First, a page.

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Tennessee Baptist summer missionary dies after car accident in Maine Print E-mail
By Lonnie Wilkey   
Thursday, June 17, 2010

STANDISH, Maine (ABP) -- A 20-year-old Tennessee Baptist summer missionary was killed June 16 -- and three other summer missionaries and their local Baptist supervisor were injured -- in a car accident in Maine.

Palmer Maphet of Mount Juliet, Tenn., died after the car in which the five were traveling was struck by another vehicle near Portland.

Maphet, a sophomore at Tennessee Tech University in Cookeville, was serving on a travel team sent out by Tennessee Baptist Collegiate Ministry. The team was traveling to minister at Laconia Motorcycle Week in Laconia, N.H., when the accident occurred.

Three other students also were injured: Leah Hardwick, a student at Jackson State Community College; Justin Owens, a student at the University of Tennessee at Martin; and Legon Craighead, a student at Union University in Jackson.

Also injured was the driver, Marilyn McClendon. She was supervising the students in their summer missionary work and is also on staff at SouthCoast Community Church in Scarborough, Maine.

Owens, Craighead and McClendon were treated at Maine Medical Center in Portland and released the same day. Hardwick was held overnight and expected to be released on June 17.

According to a report by the Portland News, a Toyota pickup truck driven by Paula Haddow, 63, of Standish, Maine, crossed into the McClendon’s lane and struck the car carrying her and the missionaries.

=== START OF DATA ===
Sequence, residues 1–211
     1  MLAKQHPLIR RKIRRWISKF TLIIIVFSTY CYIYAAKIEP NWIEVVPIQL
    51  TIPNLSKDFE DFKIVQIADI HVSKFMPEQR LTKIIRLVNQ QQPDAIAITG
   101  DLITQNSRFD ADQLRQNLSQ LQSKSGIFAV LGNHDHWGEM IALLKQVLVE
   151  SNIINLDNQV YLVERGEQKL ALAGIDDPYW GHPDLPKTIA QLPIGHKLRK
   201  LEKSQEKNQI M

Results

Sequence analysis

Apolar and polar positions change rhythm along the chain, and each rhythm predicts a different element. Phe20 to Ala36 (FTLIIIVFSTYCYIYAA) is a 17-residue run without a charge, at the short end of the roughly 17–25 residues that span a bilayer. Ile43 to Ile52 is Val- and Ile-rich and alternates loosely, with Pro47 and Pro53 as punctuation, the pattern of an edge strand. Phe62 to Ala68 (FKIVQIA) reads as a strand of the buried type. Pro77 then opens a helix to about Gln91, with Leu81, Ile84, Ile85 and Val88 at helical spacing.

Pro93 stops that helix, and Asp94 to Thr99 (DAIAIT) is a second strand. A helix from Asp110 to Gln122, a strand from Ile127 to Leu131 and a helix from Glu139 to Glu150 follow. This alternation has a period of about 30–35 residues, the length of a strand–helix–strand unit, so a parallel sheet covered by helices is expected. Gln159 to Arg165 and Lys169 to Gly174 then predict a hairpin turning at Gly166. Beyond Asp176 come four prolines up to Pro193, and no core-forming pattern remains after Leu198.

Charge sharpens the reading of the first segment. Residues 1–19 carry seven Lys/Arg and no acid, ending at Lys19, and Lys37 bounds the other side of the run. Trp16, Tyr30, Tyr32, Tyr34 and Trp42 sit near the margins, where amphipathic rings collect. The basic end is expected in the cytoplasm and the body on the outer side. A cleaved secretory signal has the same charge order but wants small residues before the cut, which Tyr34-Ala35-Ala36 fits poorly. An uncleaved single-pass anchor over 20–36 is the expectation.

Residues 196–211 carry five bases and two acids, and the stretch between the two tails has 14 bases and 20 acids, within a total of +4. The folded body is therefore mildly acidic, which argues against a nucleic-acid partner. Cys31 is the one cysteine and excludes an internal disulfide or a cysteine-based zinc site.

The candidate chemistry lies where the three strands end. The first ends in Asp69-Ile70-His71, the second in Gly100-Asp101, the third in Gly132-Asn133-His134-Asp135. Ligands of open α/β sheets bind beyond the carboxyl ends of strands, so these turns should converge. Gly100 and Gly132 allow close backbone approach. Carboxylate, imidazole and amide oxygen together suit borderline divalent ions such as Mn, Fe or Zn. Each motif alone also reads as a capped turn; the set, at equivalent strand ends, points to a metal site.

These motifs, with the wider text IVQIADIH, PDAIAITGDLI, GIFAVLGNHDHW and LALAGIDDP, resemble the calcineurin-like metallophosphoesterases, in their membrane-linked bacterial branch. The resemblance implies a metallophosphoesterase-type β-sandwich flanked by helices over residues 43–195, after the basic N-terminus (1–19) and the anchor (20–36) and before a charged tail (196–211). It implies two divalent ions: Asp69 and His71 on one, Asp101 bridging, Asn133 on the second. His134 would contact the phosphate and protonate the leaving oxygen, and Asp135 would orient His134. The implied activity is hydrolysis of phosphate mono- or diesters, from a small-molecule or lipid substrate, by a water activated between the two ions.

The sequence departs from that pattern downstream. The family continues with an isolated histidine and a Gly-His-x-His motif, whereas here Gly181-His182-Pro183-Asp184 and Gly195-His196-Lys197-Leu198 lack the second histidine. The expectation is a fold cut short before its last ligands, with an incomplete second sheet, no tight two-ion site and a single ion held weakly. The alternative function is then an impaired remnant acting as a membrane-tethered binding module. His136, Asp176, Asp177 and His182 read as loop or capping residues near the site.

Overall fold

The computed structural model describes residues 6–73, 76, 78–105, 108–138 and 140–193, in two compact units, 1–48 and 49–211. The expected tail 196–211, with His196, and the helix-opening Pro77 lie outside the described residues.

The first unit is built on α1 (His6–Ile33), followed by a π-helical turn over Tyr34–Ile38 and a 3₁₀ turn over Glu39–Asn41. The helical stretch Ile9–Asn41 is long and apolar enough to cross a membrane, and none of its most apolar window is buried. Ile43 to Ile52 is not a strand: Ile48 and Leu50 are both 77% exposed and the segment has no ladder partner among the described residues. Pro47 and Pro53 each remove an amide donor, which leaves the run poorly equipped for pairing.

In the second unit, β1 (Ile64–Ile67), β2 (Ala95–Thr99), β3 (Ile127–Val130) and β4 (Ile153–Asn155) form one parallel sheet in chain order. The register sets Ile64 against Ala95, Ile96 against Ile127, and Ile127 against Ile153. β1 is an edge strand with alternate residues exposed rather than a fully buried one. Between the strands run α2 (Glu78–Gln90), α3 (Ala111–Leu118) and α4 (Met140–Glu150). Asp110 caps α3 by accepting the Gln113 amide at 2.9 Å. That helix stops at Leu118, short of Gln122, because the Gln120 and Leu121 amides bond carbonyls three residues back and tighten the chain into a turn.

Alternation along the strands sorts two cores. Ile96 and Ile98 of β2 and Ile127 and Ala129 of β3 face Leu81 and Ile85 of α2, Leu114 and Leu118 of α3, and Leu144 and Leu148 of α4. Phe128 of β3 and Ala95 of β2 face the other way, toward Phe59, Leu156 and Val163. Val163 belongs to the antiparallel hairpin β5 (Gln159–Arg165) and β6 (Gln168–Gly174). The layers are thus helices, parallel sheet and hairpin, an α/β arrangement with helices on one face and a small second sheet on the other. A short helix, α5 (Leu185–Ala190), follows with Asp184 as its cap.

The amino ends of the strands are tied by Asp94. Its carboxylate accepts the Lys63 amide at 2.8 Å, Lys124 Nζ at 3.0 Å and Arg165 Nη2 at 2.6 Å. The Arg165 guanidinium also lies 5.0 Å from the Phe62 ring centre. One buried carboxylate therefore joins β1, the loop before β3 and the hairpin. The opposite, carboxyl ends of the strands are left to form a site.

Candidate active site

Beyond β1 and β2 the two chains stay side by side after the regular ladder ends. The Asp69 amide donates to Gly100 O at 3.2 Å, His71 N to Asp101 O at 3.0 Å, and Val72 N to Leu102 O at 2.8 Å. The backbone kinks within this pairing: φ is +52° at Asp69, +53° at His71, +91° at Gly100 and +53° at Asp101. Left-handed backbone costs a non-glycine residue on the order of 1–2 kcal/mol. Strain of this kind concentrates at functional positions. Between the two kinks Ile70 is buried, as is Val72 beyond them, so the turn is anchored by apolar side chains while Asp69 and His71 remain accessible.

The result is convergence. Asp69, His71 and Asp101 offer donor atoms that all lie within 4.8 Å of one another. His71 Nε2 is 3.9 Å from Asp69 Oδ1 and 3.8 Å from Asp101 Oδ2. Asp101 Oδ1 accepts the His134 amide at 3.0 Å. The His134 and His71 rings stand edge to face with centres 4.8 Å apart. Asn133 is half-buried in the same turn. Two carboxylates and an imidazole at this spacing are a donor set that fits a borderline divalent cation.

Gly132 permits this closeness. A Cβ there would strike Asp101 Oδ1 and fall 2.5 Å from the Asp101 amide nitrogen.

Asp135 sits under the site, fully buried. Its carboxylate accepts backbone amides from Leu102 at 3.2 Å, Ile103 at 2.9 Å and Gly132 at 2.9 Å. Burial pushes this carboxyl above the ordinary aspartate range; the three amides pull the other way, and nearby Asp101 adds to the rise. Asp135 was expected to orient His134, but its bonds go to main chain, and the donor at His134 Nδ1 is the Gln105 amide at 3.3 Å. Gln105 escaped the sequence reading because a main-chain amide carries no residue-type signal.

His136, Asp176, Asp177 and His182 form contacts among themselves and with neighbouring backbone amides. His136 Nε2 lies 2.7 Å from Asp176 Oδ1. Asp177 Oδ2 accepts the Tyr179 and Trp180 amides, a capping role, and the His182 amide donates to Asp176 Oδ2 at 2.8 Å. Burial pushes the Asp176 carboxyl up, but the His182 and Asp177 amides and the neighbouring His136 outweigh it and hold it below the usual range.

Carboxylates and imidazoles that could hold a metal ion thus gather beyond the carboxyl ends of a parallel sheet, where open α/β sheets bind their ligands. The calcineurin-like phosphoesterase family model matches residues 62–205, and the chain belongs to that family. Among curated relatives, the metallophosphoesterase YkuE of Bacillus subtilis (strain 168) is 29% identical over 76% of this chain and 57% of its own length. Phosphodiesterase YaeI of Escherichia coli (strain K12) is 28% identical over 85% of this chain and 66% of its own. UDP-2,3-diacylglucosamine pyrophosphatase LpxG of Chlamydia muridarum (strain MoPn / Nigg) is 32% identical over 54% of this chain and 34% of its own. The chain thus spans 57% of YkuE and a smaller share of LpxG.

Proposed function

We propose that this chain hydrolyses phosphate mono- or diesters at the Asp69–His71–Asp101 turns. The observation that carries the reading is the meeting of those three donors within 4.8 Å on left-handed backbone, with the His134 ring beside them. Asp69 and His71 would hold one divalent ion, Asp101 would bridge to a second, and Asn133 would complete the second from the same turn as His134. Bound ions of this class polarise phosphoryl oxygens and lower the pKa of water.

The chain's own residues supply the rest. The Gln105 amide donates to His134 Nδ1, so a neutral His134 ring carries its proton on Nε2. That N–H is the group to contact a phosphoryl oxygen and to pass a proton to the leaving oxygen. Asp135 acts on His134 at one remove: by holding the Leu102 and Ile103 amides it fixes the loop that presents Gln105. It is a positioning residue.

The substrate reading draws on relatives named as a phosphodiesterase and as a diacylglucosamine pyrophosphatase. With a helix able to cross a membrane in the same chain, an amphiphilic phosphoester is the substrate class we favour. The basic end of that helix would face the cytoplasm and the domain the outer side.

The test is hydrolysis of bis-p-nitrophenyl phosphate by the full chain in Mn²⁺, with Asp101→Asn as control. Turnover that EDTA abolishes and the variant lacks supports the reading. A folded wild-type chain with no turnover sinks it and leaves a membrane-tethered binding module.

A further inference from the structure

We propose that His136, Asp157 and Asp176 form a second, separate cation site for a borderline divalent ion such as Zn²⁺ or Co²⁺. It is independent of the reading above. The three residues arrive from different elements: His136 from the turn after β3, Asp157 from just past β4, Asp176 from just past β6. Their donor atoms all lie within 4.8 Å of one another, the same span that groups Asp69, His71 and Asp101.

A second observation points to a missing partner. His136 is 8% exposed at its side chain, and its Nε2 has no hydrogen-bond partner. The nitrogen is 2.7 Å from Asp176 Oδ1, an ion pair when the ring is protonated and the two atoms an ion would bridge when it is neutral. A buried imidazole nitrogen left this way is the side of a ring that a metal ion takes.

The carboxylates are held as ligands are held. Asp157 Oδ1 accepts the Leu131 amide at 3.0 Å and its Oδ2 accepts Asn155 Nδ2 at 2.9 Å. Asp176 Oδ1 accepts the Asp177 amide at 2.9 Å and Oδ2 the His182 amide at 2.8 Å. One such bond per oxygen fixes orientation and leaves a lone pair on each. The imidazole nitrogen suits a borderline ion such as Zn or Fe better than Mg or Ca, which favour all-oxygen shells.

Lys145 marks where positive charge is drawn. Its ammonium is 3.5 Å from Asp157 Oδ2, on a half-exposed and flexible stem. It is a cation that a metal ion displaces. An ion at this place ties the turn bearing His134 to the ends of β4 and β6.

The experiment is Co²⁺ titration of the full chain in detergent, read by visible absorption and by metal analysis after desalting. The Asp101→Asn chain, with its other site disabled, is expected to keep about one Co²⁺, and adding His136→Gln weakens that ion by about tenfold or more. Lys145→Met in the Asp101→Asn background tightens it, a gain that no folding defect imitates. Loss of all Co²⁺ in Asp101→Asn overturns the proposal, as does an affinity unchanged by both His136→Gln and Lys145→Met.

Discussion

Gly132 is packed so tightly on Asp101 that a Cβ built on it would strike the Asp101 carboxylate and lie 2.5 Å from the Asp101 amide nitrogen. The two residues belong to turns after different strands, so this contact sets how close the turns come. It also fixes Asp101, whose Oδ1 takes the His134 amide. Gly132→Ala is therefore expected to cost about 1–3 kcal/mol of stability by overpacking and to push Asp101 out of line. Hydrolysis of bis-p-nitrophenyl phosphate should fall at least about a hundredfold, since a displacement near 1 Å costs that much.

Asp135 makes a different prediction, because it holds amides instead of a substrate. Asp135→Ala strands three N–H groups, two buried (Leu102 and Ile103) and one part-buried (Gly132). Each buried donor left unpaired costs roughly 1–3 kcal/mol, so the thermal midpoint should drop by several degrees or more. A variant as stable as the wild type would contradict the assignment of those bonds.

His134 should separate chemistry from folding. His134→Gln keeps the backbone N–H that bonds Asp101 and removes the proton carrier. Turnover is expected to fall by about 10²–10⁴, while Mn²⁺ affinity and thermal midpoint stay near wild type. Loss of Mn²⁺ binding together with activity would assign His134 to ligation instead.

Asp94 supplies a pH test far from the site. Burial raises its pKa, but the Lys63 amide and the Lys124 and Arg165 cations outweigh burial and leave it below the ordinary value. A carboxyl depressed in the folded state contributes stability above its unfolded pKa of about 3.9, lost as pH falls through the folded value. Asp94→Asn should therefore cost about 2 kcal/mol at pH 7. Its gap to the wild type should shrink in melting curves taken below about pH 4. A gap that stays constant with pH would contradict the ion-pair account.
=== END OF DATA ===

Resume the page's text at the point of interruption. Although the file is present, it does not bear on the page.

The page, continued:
“Palmer Maphet was an exceptional Christian man,” said Bill Choate, director of Baptist Collegiate Ministries for the Tennessee Baptist Convention. “He will obviously be missed by so very many.”

Maphet was very involved in Tennessee Tech’s Baptist Collegiate Ministry, according to BCM Director John Aaron Matthew.

After the accident, Matthew posted on Facebook that Palmer had served as team leader of his freshman spiritual-growth team and this past spring began his new position on the upperclassmen-discipleship team. He also was “preparing to reach his dorm for Christ as a community-group leader,” Matthew wrote.

“Palmer lived a life that was not wasted because he lived his life running hard after Christ in an effort to know God and to make him known,” he also observed.

Matthew asked for prayer for the Maphet family and for the rest of the mission team in Maine. “Please pray that Palmer’s life still continues to bring glory to God even in death.”

Choate noted that each summer Tennessee BCM sends students to New England to serve with Southern Baptist churches in reaching out into their communities.

He said McClendon, who was leading this team, “is one of BCM’s very best partners and local missionary supervisors, working with us for many years to engage Tennessee students in ministry in a secular culture.”

Stacy Murphree, the Tennessee convention’s collegiate-missions specialist, was en route to Maine June 17 to be with the remaining BCM summer missionaries.

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Lonnie Wilkey is editor of the Tennesee Baptist & Reflector.

 
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